8) The Life Aquatic With Steve Zissou – The Life Aquatic was Wes Anderson’s chance to put one of his most frequent collaborators, Bill Murray, front and centre as the undeniable star of the show. Inspired by the life and work of Jacques Cousteau The Life Aquatic follows Steve Zissou, an oceanographer making a film about his quest to find and take revenge on the ‘jaguar shark’. It’s a film that has elements of Anderson’s best work, particularly the father son relationship Zissou forms with Ned (Owen Wilson), a young man who may be Zissou’s biological son. It’s the rest of the film that isn’t quite as strong, although unlike The Darjeeling Limited it never feels slow. The rest of the main supporting cast is rounded out by Cate Blanchett, Anjelica Huston, Willem Dafoe, Jeff Goldblum, Seu Jorge, and Michael Gambon, marking the first time he worked with the likes of Dafoe, Goldblum, and Gambon. One of my absolute favourite aspects of The Life Aquatic is Seu Jorge’s covers of several classic David Bowie songs in Portuguese, which are wonderful covers of instantly recognisable songs such as ‘Life on Mars’ or ‘Rebel Rebel’.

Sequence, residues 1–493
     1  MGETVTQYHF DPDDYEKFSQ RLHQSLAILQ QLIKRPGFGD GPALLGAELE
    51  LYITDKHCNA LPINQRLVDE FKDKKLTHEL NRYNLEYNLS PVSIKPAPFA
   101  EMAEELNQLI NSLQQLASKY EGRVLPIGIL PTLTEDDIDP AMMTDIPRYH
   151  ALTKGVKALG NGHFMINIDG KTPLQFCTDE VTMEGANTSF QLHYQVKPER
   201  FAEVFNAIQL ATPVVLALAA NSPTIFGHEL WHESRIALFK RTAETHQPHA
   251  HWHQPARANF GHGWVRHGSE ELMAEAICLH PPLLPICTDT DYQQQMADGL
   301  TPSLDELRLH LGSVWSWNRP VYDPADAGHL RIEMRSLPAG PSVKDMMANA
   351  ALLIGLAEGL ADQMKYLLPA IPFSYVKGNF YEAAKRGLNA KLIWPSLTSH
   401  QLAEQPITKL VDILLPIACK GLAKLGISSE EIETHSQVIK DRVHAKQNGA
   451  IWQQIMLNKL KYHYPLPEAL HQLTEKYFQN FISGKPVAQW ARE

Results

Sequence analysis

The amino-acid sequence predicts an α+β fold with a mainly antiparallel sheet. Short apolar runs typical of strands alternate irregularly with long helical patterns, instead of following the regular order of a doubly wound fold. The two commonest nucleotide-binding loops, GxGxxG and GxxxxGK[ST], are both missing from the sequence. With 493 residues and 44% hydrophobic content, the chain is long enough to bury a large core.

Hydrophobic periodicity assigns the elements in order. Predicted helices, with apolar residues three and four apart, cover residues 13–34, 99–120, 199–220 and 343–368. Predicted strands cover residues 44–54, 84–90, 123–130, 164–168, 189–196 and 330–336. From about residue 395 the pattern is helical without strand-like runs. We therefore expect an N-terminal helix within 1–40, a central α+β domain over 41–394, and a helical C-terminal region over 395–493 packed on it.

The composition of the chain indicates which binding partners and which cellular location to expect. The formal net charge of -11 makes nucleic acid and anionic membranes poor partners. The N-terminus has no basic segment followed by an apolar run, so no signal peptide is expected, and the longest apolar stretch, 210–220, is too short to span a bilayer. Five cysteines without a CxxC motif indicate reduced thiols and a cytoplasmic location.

7) Hotel Chevalier – I must admit that I wasn’t even aware of Hotel Chevalier until I went to watch The Darjeeling Limited on DVD and had the option to watch Anderson’s short film, which became a prologue of sorts to Darjeeling. Featuring Jason Schwartzman in a role that became Jack Whitman in Darjeeling and Natalie Portman as his ex-girlfriend as they meet in his Paris hotel room. Anderson never reveals exactly what happened between the two, but there is a lot we can infer from their minimal dialogue, giving us an insight into their histories and who they are as characters. The time constraints of a short film could have forced Anderson to lose what makes his films so special, and so quintessentially his, but he manages to keep it all there, in a charming little 13 minute package.